Fairyhouse set for extensive watering ahead of Easter festival
First high-profile test of new whip rules at Irish Grand National
Gordon Elliott’s Jury Duty (above), along with the Willie Mullins-trained Burrows Saint, and Any Second Now is favoured by the Irish Grand National big-race sponsors. Photograph: Inpho
Extensive watering is taking place at Fairyhouse to ensure “good to yielding” ground for Easter Monday’s €500,000 Boylesports Irish Grand National.
Ireland’s most valuable jumps race is the centrepiece of the historic three-day Easter festival which begins on Sunday.
Champion trainer Willie Mullins has seven declared to try to secure an elusive first Irish National victory.
JP McManus has five of the 30 declared but also owns the three reserves. They could yet secure a spot in the race up to 10am on Sunday should there be any non-runners.
Ground conditions may yet play a critical role in what is likely to line up in the big race which is due off at 5pm on Monday.
The going at Fairyhouse on Friday was officially “good to yielding, yielding in places”. With warm weather forecast over the Easter weekend all efforts are being made to maintain such conditions by track authorities.
They are taking place on the back of criticism directed at Ayr last week when the Scottish National saw five late non-runners due to the going getting faster over the course of race-day. “My aim is to produce good to yielding ground over the three days of the festival. We’re watering strong at the moment, putting out 15mls today, and we will continue to water to ensure we’ve nice jumping ground,” Fairyhouse’s manager Peter Roe said on Friday.
“I’m probably one of the few people who’d like the sun to go away for a few days. But we’re not in a bad position. We’re now supposed to stay dry until Monday night which makes it easier in terms of knowing what we have to deal with,” he added.
With almost two thirds of the field divided between Elliott and Mullins, not to mention the power of the O’Leary and McManus teams, the rest of the National field know they have plenty to deal with.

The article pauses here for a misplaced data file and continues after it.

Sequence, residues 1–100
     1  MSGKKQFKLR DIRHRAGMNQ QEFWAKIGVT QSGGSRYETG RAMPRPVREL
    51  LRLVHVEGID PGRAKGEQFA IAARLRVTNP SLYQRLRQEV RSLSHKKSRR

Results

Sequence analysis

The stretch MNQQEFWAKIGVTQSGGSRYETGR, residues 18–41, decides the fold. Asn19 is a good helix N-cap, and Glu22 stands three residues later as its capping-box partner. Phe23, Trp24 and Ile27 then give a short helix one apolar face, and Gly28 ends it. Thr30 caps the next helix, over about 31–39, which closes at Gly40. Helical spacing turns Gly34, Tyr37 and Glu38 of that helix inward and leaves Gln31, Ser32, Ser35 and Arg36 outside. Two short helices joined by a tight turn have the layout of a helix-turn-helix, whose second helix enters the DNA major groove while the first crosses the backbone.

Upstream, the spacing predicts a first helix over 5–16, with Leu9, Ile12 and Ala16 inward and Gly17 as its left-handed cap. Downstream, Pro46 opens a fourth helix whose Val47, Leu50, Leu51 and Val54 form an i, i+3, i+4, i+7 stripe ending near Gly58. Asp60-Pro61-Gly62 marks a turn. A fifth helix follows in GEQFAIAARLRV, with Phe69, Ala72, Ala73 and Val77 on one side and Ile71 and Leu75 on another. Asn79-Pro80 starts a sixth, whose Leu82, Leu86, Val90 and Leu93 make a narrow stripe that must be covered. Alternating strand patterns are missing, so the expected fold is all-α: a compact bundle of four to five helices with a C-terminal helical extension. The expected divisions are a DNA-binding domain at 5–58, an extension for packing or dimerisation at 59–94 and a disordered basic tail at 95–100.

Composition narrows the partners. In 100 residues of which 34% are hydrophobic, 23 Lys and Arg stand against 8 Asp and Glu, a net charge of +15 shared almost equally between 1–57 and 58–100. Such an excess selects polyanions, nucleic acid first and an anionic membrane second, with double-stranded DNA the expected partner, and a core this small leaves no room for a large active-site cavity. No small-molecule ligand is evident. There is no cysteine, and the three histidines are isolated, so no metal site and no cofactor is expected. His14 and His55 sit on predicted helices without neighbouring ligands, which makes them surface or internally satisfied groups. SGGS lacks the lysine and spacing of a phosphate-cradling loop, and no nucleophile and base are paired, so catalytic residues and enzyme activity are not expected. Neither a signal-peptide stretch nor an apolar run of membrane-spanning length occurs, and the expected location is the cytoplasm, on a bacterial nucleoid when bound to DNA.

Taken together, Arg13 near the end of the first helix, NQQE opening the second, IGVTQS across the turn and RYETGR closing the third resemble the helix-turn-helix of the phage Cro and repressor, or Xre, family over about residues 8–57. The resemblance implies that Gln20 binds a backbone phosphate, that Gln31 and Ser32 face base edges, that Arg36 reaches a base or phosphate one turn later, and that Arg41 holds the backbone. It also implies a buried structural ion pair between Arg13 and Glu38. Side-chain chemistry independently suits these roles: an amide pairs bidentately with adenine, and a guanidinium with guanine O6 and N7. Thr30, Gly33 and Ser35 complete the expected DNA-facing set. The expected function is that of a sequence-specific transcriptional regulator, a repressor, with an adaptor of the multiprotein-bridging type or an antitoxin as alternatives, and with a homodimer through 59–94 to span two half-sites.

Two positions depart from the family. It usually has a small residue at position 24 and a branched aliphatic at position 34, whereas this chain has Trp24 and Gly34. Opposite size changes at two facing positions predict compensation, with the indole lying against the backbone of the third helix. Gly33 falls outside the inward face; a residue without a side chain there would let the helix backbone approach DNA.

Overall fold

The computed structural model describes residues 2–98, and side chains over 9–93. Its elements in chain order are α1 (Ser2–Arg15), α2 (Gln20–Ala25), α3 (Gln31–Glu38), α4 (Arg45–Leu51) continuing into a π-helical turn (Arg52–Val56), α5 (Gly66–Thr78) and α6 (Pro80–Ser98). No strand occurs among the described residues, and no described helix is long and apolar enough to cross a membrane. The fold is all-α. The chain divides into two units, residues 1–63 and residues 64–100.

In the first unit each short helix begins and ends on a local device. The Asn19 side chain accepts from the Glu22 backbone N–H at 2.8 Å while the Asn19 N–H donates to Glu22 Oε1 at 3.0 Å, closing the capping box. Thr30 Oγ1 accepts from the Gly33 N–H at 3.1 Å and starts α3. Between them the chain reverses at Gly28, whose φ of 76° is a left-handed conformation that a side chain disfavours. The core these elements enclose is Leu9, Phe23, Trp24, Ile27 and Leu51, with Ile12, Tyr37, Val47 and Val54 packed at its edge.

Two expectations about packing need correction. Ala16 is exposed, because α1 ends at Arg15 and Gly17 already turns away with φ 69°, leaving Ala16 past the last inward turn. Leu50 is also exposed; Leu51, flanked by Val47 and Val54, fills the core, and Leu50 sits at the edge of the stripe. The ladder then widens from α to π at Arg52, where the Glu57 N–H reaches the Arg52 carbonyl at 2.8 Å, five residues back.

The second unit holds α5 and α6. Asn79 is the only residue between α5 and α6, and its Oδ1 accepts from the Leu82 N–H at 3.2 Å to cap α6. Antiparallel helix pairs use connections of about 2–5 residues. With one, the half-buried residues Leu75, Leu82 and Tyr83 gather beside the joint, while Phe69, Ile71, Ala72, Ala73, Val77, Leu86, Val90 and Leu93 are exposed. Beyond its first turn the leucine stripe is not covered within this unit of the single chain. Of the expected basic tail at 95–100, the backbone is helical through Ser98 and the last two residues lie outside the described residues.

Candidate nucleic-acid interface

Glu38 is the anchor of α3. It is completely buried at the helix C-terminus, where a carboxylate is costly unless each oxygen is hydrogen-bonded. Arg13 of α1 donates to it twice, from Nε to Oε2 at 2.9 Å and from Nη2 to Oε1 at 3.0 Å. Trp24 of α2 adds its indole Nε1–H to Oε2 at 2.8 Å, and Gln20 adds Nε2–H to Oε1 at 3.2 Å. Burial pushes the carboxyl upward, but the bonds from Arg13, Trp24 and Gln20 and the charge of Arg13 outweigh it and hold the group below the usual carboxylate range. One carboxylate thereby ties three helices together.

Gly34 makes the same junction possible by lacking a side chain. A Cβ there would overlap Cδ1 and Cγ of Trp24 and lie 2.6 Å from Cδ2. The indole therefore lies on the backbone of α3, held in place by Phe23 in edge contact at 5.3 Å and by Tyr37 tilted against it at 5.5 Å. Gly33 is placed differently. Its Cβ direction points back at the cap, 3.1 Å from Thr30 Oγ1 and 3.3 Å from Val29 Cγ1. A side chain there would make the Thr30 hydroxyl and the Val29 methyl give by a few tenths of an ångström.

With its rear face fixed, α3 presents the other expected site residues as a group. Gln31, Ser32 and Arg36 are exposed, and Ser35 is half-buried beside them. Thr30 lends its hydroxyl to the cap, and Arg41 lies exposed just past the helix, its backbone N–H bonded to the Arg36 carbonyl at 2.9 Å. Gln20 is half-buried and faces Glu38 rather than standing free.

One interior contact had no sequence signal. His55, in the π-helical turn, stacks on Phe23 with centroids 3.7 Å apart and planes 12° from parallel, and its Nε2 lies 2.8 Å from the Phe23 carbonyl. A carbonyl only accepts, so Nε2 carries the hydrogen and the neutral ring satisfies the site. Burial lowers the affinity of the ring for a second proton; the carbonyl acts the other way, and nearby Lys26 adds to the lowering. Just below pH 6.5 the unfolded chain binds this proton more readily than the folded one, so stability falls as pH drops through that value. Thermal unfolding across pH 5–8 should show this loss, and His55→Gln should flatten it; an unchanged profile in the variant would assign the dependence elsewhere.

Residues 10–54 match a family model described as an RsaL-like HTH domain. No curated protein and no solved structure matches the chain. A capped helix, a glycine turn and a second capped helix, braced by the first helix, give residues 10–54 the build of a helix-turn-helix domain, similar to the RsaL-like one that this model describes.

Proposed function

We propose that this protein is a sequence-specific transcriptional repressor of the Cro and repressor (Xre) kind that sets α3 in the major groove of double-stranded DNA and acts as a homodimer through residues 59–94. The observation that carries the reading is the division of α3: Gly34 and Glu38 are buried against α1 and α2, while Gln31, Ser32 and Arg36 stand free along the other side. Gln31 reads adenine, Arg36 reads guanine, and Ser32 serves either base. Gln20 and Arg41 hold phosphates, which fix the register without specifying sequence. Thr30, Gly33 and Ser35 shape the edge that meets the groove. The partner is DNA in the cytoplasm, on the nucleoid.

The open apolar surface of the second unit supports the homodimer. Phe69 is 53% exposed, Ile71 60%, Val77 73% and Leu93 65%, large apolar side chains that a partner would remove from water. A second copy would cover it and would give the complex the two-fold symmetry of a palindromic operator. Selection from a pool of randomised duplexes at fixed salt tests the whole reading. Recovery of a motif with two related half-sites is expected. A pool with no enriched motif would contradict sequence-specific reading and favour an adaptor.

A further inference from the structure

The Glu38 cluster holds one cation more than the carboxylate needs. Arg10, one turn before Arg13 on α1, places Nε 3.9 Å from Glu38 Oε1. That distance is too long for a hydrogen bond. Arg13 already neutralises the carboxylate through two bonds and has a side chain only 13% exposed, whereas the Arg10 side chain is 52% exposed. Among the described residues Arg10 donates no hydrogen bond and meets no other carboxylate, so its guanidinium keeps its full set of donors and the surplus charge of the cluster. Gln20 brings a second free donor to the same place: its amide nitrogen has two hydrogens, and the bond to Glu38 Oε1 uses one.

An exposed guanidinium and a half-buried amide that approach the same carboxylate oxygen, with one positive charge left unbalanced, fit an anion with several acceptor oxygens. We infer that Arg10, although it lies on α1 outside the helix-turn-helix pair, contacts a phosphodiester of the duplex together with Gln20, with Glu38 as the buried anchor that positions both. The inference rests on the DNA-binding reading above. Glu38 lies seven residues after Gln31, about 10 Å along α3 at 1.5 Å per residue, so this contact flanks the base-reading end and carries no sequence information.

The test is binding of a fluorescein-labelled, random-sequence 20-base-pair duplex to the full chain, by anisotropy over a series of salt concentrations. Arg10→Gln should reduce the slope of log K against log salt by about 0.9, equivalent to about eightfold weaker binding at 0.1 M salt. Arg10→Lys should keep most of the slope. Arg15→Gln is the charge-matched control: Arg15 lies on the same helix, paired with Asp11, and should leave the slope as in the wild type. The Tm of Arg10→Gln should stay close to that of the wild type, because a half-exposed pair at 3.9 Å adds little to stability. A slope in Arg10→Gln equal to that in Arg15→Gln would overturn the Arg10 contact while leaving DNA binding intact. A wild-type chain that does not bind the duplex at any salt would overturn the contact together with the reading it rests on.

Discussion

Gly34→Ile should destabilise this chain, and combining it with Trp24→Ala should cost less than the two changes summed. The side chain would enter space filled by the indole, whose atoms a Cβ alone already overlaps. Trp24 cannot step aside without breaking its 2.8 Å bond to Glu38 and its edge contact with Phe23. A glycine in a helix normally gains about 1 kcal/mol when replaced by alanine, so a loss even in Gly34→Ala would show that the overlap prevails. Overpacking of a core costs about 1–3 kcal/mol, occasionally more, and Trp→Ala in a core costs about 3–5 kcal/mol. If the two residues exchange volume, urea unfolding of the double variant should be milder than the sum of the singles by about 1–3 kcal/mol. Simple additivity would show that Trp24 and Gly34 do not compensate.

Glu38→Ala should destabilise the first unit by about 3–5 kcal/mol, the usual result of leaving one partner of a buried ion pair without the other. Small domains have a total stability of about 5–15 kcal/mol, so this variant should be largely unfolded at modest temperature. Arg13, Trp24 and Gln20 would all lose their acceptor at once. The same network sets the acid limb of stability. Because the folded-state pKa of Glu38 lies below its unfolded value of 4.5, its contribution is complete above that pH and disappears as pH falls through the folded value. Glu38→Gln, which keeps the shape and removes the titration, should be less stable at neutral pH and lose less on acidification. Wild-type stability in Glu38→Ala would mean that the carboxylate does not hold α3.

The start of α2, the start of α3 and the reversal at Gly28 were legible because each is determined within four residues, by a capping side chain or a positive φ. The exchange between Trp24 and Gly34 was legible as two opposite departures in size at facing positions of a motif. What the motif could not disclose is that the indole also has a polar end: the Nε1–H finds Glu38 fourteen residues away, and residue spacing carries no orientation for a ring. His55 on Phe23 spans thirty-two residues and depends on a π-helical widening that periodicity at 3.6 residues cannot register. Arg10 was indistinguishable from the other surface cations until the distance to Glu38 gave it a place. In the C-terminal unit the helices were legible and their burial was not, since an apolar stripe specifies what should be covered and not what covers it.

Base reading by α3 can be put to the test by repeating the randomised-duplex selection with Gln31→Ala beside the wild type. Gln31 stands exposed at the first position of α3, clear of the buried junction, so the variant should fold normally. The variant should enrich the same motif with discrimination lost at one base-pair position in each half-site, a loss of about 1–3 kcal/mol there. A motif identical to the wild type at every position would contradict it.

Initial reaction by the big-race sponsors on Friday was to go 8-1 co-favourites about Elliott’s Jury Duty, the Mullins-trained Burrows Saint, and Any Second Now who will try to give Ted Walsh a second Irish National 19 years after scoring with Commanche Court.
That horse was ridden by Ruby Walsh who also won five years later on Numbersixvalverde. Walsh has opted for the novice Burrows Saint among Mullins’s seven contenders.
Mullins came agonisingly close to breaking his National duck a year ago when Isleofhopendreams was just touched off by a head by General Principle on very testing ground. On that occasion the jockeys of the first two, JJ Slevin and Danny Mullins, received seven- and three-day bans respectively for their use of the whip. Recent changes to the whip rules mean a stewards enquiry is automatically triggered if a rider strikes a horse nine times or more.
The Easter festival will be the first time the new regulations will apply in a major Grade One arena but the Irish Horseracing Regulatory Board is optimistic serious breaches will not occur. “There will be briefings at Fairyhouse before each day and the fact that races are high profile will be stressed,” the IHRB chief executive Denis Egan said on Friday.
“Stewards secretaries have been briefing jockeys before racing every day and there have been a number of remarks passed by our own team as to how much better racing is looking because of changes to the whip rule. There was comment about the Grand National passed in Aintree and how it panned out very well with the whip restrictions over there. I see no reason why it should be any different here,” he added.
There are just two cross-channel runners for the Irish National which has been won twice in the last decade by raiders.
Jonjo O’Neill’s Minella Rocco will be ridden by top amateur Derek O’Connor while Kimberlite Candy represents Tom Lacey’s stable. Both are owned by JP McManus.